Jan. 16 (Bloomberg) -- Rain on corn and soybean crops in Brazil’s southernmost state is easing the harm from a drought that parched fields in the past 10 weeks.
Showers have increased humidity in about 70 percent of corn crops and 80 percent of soybean fields in Rio Grande do Sul state since Jan. 13, Dulphe Pinheiro Machado Neto, a manager at state crop-forecasting agency Emater, said today in a telephone interview from the capital city of Porto Alegre.
Crops in Rio Grande do Sul, which produces about 14 percent of Brazil’s soybeans and 10 percent of the country’s corn, have lacked enough humidity to develop properly since November because of excessive heat and dryness caused by the La Nina weather pattern. The state will harvest 38 percent less corn and 15 percent fewer soybeans than initially forecast because of the drought, Emater said Jan. 12.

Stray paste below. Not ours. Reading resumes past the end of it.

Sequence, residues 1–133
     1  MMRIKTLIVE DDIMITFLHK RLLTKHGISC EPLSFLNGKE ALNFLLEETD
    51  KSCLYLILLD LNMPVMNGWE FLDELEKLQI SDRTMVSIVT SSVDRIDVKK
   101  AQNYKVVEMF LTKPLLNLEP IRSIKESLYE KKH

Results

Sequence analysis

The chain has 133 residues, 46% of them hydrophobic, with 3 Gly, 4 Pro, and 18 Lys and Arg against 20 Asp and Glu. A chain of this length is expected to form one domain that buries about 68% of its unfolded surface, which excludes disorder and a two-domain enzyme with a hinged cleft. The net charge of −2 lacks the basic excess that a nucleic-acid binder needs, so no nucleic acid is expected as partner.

“Losses to corn are irreversible, but rains have prevented further losses,” Machado Neto said. “Humidity also helped soy crops, but we need to see more of that to start talking about a recovery.”
Rio Grande do Sul’s government declared a state of emergency in 282 of its 496 cities, according to information on the state civil defense department’s website.
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